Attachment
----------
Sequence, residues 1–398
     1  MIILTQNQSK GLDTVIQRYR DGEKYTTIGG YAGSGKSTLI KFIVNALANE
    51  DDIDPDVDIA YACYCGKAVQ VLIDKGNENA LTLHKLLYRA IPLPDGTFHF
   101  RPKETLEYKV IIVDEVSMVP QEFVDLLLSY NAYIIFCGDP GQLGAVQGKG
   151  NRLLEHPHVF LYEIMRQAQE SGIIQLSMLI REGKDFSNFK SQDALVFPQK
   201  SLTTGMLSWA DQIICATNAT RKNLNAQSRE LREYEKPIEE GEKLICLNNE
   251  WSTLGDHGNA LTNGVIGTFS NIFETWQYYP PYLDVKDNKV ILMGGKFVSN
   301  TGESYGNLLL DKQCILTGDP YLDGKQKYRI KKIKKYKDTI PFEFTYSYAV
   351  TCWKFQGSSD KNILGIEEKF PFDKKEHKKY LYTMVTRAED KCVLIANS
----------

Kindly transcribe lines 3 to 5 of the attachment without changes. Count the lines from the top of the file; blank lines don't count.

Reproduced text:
    51  DDIDPDVDIA YACYCGKAVQ VLIDKGNENA LTLHKLLYRA IPLPDGTFHF
   101  RPKETLEYKV IIVDEVSMVP QEFVDLLLSY NAYIIFCGDP GQLGAVQGKG
   151  NRLLEHPHVF LYEIMRQAQE SGIIQLSMLI REGKDFSNFK SQDALVFPQK